Martin Scorsese has made a habit of crafting films that employ genre tropes to illuminate the human condition. From “Raging Bull,” the sports movie that focused on the violent imperfections of human nature, to “The Departed,” a police procedural/gangland thriller that studied loyalty, betrayal, and identity in a disconcertingly harsh light, he has always found a way to push past the cliché, the obvious, and the mundane. With “Shutter Island,” Scorsese turns his attention to a new genre: the psychological thriller. A mind-bending, atmospheric film with a couple of vertigo-inducing twists and turns, “Shutter Island” nonetheless fails make a deeper statement in typical Scorsese fashion, and suffers for it.
Starring Scorsese regular Leonardo DiCaprio as the righteous but troubled federal marshal Teddy Daniels, the film is set in a hospital for the criminally insane off the coast of Massachusetts. A patient has recently escaped—“evaporated straight through the walls,” according to Dr. John Cawley, played by Ben Kingsley—and Daniels and a partner are sent to investigate. Of course, the story proves to be far more complicated and includes a number of subplots such as a revenge mission on behalf of DiCaprio’s murdered wife, and the ever-deepening suspicions that the hospital is more sinister than it appears.
From the opening, mist-shrouded shot, Scorsese sets a moody, foreboding tone. A score of crashing, discordant strings and staccato horns underpins a visual palette of slate grey and brown, only interrupted for several disconcertingly Technicolor hallucinatory sequences. Scorsese has ever been a master of setting the tone—see, for example, the perfectly balanced grime and gaudiness of “Goodfellas”—and “Shutter Island” is no exception.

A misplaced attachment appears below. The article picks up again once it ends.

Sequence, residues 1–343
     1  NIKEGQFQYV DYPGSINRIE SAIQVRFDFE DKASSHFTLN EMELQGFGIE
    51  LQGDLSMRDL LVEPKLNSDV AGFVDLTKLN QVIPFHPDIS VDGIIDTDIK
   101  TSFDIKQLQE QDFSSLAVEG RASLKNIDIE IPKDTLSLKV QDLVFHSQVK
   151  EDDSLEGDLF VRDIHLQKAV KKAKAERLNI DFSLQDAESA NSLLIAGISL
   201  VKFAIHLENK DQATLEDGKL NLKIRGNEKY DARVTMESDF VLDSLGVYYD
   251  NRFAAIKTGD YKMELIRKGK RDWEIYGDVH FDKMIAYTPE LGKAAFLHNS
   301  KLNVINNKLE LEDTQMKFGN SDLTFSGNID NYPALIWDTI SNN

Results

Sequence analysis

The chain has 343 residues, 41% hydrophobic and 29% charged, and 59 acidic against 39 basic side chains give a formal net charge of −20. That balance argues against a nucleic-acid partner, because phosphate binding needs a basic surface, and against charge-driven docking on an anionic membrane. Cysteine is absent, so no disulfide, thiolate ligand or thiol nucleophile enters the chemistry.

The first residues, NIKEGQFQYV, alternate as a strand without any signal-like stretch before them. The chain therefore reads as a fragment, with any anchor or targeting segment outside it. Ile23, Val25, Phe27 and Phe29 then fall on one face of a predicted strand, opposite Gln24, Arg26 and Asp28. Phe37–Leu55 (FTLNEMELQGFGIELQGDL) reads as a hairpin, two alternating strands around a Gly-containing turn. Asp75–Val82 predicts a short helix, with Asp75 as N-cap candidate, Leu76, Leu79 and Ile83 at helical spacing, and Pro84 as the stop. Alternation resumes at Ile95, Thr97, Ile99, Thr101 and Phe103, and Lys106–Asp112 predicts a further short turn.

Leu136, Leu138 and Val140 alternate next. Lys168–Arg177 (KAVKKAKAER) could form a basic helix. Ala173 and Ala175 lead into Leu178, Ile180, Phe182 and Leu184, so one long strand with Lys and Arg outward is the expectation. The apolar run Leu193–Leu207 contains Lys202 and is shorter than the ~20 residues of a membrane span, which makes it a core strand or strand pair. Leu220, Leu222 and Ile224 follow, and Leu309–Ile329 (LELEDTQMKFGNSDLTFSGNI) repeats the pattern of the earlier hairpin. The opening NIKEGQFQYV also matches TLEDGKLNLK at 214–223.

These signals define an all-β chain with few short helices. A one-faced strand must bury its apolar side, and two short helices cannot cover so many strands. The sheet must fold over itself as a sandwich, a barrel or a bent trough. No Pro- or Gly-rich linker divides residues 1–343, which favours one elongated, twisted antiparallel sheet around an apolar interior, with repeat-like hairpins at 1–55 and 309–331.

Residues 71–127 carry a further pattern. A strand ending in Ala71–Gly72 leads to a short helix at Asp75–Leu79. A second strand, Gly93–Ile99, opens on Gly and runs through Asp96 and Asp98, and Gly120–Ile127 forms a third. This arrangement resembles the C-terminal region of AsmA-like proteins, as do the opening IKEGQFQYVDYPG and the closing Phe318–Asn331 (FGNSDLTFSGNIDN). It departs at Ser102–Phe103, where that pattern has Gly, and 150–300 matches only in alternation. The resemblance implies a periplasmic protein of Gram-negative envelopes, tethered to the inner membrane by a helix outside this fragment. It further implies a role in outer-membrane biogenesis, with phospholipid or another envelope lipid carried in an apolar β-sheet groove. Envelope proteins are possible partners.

The acting is similarly excellent. DiCaprio, who continues to grow as an actor under Scorsese’s tutelage, turns in one of his more powerful performances. Though his character may seem to fall into the standard trope of a hardened hero plauged by a traumatic past, DiCaprio effectively portrays Daniels’ spiraling instability as his perception of the world grows more uncertain. Meanwhile, Kingsley and the rest of the hospital staff exude a menacing solidarity that complements the film’s sinister audiovisual elements perfectly.
All that remains, then, is to mould these disparate elements around a central narrative. And this is where the film runs into trouble. The movie is based on Dennis Lehane’s novel which should have served as fertile ground for Scorsese to build a genre classic on, but instead “Shutter Island” stumbles into a forest of clichés. The first warning sign comes when the captain of DiCaprio’s ferry to the island requests that the marshals make their way ashore quickly. Asked why, he glances at the roiling grey sky and pronounces: “storm’s coming.”
There are far too many similar incidents—well-worn visual tricks like the slow, spinning reveal of a chair’s occupant, DiCaprio ludicrously sensing the presence of his wife’s supposed murderer by stating, “I can feel him,” and so forth. These jarringly trite moments punctuate “Shutter Island,” to the extent that it ends up feeling more than a little stale.
Attempts at the type of overarching themes that usually elevate Scorsese’s films are disappointingly cursory. Daniels’ violent tendencies lead only to a brief meditation—“God loves violence…it’s what we are,” declares the hospital Warden, musing on humanity—a mere shadow of Jake LaMotta’s trials in “Raging Bull.” Scorsese dabbles with a few bigger ideas, but never latches onto something really worth saying.
All that remains, then, is that final twist, the one guaranteed component of any film of this genre. “Shutter Island” pulls it off convincingly, in a heart-wrenching though overlong series of revelations which will leave even the most prepared audience members reeling.
It isn’t enough. As a pure-and-simple psychological thriller, “Shutter Island” should be lauded. It has all the necessary ingredients: a consistently dark tone, emotionally powerful reveals, and mind-bending twists aplenty. And from any other director, that might be enough to satisfy. But from Martin Scorsese, we have come to expect something more. We expect a coherent and thought-provoking message. We expect great ideas, new innovations, broken boundaries. We expect, in short, a film that is different, one that will stay with us well past the final fade-to-black. And it is this essential point where “Shutter Island” is found lacking. It is competent, but also vaguely utilitarian—fun while it lasts, but slight in lasting impact. And that, from Scorsese, is simply inadequate. —Staff writer Daniel K. Lakhdhir can be reached at firstname.lastname@example.org.
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